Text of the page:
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According to CWAO newspaper The New Worker: “On returning to the factory later in the day, the workers found their line managers packing chips in a desperate attempt to meet their production targets. This confirmed what worker leader Nandi Grobler said in a general meeting just days before the event: ‘We are the most important people and management should bow before us when they walk past. They must lie down like the Venda people. Because we are important, we do the job for them. Say all of us don’t go to Simba today, there will be no money for them!’”

In response to the workers who had attended the CCMA hearing, Simba Chips sent written warnings to the 170 activist workers for walking off the job.

It is notable that the Food and Allied Workers Union (FAWU) was the delegated representative of workers at the Simba Chips factory, but through the labour broker system non-union workers were recruited to all the positions. As a consequence, the capacity of FAWU to represent the workers was severely compromised. FAWU had presided as the union of record during the transition to the labour broker system, and was unsuccessful in organising the workers employed at the factory. In sharp contrast to FAWU, CWAO/SWF, which had emerged as the major force in mobilising Simba Chips workers, was instrumental in mobilising the workers who were contracted through labour brokers. Ironically, FAWU is the second-largest affiliate of the South African Federation of Trade Unions (Saftu), the breakaway federation from the Congress of South African Trade Unions (Cosatu), which is pledged to worker empowerment, militancy and redistributive policies. FAWU had waged a long strike against Simba in the summer of 2002 demanding higher wages and improved working conditions. Subsequently, Simba had contracted out most of its workers.

Women have played a central role in the struggle for temporary service employees, and the struggle for regularisation at Simba Chips helped build strong leadership. On Saturday 10 March 2018, 446 workers attended a SWF/CWAO meeting to commemorate International Women’s Day and to protest against the informal status and poor conditions at Simba Chips and PepsiCo, which also contracted labourers in Argentina, where workers waged a major struggle against the labour broker system.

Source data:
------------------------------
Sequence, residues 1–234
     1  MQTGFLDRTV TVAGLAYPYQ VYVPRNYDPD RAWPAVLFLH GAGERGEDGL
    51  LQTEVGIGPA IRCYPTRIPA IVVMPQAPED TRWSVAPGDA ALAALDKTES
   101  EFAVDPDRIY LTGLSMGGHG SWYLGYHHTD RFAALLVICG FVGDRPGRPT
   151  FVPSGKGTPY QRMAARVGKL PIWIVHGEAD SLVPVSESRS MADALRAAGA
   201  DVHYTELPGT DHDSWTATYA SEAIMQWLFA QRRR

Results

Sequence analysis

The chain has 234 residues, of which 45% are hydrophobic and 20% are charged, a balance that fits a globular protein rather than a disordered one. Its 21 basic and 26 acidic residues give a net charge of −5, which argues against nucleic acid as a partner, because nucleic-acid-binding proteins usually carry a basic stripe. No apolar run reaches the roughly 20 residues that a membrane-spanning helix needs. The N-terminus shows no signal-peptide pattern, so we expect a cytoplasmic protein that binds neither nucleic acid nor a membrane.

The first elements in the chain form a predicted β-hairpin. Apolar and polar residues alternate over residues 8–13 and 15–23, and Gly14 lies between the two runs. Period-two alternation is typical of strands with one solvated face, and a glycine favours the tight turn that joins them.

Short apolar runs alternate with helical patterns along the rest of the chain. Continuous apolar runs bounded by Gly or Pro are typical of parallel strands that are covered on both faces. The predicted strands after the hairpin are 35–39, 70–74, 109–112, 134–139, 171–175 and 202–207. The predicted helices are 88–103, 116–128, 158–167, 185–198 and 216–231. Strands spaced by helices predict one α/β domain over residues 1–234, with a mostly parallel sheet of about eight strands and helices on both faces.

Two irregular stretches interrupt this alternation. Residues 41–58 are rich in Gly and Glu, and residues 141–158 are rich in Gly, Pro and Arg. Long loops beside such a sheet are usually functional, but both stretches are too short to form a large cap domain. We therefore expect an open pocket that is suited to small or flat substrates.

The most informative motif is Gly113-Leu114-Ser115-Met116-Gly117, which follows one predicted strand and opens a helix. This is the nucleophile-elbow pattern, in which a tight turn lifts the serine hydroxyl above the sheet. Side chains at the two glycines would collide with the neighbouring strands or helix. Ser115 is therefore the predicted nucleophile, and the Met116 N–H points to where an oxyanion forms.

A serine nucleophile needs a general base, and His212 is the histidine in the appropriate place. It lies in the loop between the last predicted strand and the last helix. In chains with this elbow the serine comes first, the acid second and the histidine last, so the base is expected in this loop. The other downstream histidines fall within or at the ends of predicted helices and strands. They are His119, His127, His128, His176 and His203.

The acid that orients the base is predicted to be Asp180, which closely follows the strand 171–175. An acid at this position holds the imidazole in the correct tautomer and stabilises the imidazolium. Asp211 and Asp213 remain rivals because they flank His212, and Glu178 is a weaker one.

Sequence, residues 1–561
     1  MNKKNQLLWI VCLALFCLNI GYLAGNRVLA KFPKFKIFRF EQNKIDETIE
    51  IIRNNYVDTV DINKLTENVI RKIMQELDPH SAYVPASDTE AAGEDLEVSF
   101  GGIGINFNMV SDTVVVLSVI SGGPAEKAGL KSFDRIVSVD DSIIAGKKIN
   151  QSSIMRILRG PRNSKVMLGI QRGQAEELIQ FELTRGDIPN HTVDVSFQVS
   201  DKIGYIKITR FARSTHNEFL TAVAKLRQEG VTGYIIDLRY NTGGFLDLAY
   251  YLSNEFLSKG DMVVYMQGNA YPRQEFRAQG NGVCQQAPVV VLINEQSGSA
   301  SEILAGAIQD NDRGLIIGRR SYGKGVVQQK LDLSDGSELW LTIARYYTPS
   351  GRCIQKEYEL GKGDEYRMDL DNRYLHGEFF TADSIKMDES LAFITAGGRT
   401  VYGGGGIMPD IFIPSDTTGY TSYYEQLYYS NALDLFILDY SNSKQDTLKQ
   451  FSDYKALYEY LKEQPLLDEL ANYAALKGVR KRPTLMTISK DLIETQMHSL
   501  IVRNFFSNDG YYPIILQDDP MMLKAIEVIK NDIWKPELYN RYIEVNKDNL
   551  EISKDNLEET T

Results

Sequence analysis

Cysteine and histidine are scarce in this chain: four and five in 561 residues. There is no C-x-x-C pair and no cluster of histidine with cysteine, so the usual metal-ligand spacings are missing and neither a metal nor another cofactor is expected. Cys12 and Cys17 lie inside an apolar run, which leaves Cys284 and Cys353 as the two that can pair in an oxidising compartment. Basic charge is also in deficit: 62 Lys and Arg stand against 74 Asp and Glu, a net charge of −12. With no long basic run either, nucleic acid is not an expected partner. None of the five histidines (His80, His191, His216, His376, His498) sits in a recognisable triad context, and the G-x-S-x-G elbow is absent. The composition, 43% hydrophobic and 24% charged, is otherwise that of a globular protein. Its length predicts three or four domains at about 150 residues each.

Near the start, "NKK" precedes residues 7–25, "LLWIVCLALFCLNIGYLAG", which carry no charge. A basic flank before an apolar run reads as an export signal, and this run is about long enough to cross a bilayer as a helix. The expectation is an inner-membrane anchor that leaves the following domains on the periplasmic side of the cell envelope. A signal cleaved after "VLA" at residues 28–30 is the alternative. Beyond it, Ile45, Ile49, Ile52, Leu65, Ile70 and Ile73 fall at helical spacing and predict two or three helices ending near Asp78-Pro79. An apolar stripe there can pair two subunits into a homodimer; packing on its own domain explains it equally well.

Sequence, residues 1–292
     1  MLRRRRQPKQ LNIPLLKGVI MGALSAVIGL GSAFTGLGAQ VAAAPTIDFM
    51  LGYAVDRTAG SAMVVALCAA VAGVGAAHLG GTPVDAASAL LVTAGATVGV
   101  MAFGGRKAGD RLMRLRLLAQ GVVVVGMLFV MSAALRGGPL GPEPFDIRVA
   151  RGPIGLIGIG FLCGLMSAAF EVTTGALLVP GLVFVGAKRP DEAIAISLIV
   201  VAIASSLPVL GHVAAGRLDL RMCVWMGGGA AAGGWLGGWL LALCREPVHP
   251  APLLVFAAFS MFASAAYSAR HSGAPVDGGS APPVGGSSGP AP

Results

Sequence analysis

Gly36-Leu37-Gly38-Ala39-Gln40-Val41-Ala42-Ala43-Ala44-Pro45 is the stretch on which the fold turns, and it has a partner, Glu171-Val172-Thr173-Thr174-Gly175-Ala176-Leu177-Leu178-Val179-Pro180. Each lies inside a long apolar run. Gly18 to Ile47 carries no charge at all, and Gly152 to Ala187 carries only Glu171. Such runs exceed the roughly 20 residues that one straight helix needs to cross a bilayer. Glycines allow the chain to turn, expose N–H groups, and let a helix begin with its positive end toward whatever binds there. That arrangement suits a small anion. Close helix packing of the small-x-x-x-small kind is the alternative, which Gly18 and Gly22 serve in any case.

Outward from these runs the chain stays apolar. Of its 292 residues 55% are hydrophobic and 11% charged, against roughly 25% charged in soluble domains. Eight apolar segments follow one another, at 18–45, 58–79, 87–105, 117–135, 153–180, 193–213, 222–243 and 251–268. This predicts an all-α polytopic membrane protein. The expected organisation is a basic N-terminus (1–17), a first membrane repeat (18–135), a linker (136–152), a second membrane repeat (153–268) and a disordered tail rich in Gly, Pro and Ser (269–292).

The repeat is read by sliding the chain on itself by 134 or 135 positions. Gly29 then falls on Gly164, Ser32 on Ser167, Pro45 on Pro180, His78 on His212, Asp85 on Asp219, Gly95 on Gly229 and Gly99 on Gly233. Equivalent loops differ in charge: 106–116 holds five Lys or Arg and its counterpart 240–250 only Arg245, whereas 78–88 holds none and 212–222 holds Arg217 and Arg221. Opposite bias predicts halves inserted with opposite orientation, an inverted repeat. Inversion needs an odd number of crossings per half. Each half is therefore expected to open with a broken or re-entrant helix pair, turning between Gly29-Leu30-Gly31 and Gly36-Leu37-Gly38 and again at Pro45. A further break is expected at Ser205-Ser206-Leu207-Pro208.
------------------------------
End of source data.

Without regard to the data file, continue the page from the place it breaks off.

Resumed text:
As a consequence of the very poor wages, lack of job security and oppressive conditions at Simba, TES workers employed at the expansive Isando plant near OR Tambo Airport began organising for a strike against the company for alleged attempts to contravene labour laws by arbitrarily contracting them from a third-party temporary employer. CWAO claimed that Simba and PepsiCo South Africa colluded with labour broking company Adcorp Blu to evade the requirements of section 198 of the Labour Relations Act. This legislation stipulates that after a three-month period, a labour broker-employed worker must become a direct employee of the company, in this case Simba. Adcorp Blu defines its mission to use contracting to reduce labour costs as follows: “When your outsourcing partner sees the future before you do, they can help you craft an idyllic future. And when they embody your business’s own personality, it becomes ever easier to co-create solutions: to accelerate productivity, ensure business continuity and reduce costs. That’s us. That’s Adcorp Outsourcing.”